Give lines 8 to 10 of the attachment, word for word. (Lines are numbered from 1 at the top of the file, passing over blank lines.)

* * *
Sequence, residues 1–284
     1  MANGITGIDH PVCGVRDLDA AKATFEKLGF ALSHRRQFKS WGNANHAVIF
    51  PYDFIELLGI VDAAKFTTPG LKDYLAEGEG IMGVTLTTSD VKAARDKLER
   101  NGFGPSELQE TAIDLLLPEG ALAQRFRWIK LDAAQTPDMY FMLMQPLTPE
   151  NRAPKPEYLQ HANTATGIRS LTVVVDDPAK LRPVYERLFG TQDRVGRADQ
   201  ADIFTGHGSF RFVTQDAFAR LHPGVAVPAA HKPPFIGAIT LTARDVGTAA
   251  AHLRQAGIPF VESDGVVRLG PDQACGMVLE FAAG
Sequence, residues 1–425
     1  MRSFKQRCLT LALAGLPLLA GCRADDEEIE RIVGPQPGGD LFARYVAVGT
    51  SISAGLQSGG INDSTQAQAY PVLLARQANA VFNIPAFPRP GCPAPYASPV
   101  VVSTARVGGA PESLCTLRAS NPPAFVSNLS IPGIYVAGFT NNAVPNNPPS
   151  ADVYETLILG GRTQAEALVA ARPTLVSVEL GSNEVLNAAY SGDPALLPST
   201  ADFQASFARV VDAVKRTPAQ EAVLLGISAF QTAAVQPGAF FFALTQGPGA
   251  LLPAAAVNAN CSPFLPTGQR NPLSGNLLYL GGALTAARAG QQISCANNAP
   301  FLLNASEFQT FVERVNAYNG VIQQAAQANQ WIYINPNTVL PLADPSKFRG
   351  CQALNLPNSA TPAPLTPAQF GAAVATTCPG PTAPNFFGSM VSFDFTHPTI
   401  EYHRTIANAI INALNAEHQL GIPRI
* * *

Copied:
Sequence, residues 1–425
     1  MRSFKQRCLT LALAGLPLLA GCRADDEEIE RIVGPQPGGD LFARYVAVGT
    51  SISAGLQSGG INDSTQAQAY PVLLARQANA VFNIPAFPRP GCPAPYASPV